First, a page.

A 24-Hour Race to Find as Many Species as Possible

Jun 3, 2016

This weekend, nearly 200 scientists joined up with members of the public in a 24-hour race to identify as many plant and animal species as possible. It's called a "BioBlitz."

The Connecticut State BioBlitz is being billed as the largest BioBlitz in the country.

Participants planned to gather at Two Rivers Magnet School in East Hartford, hunt for animals and plants, and try to break the U.S. species count record.

"The Wikipedia record for the most species that's ever been found in 24 hours -- 2,519. We're hoping to beat that," said David Wagner, an entomologist at UConn who is helping to organize the event. "It will be difficult. We'll need some good weather. We'll need some good luck."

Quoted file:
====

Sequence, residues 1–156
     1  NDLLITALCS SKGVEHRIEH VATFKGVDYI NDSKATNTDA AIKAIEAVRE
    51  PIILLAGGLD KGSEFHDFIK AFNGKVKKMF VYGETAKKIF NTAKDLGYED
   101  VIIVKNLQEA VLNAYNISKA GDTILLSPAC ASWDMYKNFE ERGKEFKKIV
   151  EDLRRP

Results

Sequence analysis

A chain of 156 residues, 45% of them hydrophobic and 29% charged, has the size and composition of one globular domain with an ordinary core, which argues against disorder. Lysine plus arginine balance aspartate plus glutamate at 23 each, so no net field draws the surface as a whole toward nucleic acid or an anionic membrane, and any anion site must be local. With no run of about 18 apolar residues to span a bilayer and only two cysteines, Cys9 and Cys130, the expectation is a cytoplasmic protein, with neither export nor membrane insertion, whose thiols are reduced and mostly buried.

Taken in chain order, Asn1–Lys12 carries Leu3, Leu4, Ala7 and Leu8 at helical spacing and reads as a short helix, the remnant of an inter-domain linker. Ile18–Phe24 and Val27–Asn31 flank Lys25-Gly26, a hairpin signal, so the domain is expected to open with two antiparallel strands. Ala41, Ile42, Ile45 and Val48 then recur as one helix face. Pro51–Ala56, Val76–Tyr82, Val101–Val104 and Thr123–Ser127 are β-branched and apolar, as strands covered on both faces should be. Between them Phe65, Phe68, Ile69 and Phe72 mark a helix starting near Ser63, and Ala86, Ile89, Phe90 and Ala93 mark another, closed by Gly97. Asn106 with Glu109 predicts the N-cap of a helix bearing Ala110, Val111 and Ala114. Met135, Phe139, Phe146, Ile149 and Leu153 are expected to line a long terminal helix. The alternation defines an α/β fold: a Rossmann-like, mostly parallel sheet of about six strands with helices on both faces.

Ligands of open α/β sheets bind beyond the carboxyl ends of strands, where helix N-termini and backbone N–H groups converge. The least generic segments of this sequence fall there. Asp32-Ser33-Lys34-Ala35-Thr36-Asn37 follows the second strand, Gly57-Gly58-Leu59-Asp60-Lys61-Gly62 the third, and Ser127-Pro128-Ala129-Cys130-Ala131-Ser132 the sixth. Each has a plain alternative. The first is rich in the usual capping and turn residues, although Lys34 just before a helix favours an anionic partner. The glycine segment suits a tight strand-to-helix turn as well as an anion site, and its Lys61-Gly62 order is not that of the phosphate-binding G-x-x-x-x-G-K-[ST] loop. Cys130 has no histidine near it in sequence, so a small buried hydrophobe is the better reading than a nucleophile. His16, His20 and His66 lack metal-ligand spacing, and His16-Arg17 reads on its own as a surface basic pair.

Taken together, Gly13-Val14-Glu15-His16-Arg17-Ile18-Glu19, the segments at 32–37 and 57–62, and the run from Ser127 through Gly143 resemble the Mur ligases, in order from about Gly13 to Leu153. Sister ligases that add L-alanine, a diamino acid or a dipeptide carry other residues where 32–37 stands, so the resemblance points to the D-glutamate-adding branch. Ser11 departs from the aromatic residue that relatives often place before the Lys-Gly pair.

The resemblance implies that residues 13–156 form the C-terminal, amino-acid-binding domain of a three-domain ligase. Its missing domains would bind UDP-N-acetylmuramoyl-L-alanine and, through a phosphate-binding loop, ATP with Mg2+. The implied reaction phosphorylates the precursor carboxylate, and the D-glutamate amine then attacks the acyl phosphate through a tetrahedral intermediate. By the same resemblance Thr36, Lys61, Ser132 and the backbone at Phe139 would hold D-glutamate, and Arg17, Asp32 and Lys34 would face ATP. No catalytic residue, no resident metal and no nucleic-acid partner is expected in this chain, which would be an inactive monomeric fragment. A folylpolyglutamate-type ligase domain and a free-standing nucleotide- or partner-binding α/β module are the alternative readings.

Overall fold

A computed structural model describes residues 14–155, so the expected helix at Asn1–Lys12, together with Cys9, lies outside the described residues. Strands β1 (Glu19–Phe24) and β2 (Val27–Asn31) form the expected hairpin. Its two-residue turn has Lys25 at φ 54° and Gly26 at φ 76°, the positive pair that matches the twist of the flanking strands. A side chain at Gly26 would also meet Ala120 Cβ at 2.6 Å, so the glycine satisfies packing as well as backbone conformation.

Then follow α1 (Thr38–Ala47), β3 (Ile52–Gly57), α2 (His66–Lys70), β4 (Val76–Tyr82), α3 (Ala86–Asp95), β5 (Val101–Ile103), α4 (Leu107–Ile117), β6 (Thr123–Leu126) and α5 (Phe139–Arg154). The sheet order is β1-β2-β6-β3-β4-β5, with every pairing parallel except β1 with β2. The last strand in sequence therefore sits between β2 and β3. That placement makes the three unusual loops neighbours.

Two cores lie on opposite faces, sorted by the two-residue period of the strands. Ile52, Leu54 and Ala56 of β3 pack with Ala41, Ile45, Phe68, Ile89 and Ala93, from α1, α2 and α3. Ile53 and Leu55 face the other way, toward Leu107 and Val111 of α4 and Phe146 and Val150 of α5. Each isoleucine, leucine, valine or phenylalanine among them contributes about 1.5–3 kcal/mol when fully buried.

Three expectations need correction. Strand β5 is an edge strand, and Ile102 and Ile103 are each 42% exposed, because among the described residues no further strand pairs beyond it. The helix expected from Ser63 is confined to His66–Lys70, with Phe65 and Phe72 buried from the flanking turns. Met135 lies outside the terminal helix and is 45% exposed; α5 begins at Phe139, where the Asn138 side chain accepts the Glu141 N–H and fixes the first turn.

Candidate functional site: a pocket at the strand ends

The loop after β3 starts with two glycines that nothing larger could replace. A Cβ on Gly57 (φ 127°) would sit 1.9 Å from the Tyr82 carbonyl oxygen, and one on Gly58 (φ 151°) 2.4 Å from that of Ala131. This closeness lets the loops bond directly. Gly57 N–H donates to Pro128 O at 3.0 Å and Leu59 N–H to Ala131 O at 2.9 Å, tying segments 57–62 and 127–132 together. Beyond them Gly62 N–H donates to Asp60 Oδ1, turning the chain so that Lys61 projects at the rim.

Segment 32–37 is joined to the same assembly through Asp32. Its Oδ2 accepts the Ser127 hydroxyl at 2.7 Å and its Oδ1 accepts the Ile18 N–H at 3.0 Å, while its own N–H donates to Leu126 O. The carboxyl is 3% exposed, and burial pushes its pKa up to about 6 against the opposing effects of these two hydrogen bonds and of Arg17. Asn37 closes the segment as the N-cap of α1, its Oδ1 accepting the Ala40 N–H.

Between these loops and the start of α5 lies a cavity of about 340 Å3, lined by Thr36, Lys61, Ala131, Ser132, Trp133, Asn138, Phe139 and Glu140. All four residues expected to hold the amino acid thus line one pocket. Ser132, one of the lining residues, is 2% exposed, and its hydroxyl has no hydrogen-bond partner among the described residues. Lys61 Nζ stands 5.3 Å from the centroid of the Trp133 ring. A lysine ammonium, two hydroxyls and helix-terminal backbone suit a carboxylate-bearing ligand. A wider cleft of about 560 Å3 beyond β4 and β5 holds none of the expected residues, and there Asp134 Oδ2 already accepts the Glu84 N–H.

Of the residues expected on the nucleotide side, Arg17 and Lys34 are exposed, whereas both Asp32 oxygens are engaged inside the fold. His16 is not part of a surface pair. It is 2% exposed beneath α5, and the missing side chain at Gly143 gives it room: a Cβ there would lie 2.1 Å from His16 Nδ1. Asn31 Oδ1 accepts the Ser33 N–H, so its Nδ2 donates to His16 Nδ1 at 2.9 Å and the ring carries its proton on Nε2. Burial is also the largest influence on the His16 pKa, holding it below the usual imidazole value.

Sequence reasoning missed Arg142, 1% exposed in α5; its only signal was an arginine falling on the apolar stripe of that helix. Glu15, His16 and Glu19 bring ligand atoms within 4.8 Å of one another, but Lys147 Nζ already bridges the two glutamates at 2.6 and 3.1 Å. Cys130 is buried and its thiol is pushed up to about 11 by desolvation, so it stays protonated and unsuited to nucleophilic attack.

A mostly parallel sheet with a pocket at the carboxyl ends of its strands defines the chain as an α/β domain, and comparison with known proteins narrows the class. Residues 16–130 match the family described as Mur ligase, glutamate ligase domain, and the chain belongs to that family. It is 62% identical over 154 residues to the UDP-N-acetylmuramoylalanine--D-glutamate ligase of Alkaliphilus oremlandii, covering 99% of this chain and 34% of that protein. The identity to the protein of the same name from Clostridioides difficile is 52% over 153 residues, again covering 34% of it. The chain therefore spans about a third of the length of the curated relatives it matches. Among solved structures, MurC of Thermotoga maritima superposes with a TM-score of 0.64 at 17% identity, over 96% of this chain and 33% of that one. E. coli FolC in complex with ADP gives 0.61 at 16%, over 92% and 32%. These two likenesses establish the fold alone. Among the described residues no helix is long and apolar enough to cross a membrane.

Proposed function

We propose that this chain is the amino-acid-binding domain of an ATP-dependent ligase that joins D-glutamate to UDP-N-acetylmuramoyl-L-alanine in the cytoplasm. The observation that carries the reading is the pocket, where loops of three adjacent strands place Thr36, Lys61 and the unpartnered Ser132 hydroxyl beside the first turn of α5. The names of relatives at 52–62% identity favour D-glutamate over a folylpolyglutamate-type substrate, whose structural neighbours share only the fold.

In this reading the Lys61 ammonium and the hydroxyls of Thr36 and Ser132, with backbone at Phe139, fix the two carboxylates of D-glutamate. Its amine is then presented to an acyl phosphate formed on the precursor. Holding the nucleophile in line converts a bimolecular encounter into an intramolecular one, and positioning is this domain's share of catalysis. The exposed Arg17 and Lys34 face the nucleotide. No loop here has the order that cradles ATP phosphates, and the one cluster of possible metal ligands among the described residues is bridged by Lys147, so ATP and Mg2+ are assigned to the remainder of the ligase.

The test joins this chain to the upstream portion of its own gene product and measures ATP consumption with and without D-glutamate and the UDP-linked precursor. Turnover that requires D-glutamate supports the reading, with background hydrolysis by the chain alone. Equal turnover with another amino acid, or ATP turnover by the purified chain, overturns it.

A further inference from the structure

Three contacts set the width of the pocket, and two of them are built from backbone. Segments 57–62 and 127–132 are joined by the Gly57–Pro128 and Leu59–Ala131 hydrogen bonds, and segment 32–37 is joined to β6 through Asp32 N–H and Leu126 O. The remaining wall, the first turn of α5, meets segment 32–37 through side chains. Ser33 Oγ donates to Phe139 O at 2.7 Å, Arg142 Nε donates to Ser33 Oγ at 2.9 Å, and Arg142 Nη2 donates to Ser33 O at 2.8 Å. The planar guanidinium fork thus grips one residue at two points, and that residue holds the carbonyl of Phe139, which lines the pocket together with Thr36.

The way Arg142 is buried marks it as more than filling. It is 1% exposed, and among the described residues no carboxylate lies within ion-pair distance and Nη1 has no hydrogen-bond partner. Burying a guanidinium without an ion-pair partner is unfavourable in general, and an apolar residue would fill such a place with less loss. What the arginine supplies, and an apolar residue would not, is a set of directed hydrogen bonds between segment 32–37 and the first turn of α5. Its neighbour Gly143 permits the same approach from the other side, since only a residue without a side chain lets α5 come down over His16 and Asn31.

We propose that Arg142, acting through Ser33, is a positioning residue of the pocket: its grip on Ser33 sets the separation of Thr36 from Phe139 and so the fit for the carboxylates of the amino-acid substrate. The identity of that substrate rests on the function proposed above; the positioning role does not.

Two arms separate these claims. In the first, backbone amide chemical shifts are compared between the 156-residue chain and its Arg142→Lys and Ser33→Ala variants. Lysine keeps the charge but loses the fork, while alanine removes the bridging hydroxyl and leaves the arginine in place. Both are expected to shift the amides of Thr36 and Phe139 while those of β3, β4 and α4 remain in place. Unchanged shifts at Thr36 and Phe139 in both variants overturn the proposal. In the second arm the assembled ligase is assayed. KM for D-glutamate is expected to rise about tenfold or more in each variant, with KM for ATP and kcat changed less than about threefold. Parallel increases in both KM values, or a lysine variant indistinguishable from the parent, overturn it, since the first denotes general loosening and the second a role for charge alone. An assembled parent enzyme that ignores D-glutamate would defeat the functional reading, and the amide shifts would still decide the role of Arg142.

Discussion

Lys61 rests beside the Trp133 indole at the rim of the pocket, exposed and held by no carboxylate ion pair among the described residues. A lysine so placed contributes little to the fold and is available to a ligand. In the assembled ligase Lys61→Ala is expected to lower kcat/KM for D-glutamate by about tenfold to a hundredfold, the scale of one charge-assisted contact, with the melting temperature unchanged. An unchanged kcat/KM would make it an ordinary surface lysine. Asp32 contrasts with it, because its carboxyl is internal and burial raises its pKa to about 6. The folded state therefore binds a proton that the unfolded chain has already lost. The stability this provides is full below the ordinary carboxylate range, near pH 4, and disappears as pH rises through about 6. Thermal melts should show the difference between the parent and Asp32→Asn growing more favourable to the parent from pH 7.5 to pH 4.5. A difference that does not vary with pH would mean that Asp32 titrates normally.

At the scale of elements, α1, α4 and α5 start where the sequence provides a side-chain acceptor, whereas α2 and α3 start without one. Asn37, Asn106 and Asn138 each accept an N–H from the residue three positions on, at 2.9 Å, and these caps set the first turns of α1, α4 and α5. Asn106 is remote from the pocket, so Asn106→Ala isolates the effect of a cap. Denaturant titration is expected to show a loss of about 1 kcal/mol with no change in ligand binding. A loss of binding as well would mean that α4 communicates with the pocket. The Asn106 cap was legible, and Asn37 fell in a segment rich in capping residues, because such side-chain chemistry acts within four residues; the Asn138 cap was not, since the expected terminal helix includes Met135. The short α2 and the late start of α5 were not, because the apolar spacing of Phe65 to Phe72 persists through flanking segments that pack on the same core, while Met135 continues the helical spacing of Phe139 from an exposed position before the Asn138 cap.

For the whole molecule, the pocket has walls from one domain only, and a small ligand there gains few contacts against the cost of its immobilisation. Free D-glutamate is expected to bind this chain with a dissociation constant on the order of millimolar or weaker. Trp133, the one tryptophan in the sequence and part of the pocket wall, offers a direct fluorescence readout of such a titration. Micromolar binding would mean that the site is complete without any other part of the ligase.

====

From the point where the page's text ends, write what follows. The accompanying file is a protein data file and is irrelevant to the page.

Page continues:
Speaking on WNPR's Where We Live, he said the BioBlitz will include scientists representing all branches of the tree of life -- and will feature lots of interactive exhibits for adults and children, too: insect displays, field walks, lectures, reptile exhibits, and raptor demonstrations.

"All these other BioBlitzes, most of them are going on in national parks -- maybe pristine areas," said Wagner. "We didn't want to do that, we wanted to bring awareness about biodiversity right to the city. Right to East Hartford -- right to Hartford. We're challenging ourselves, but we want to make sure that people who live in Hartford can find out about the wonderful plant and animal life that lives within five miles of the city."

The event is open to the public on Saturday, June 4, starting at 10:00 am.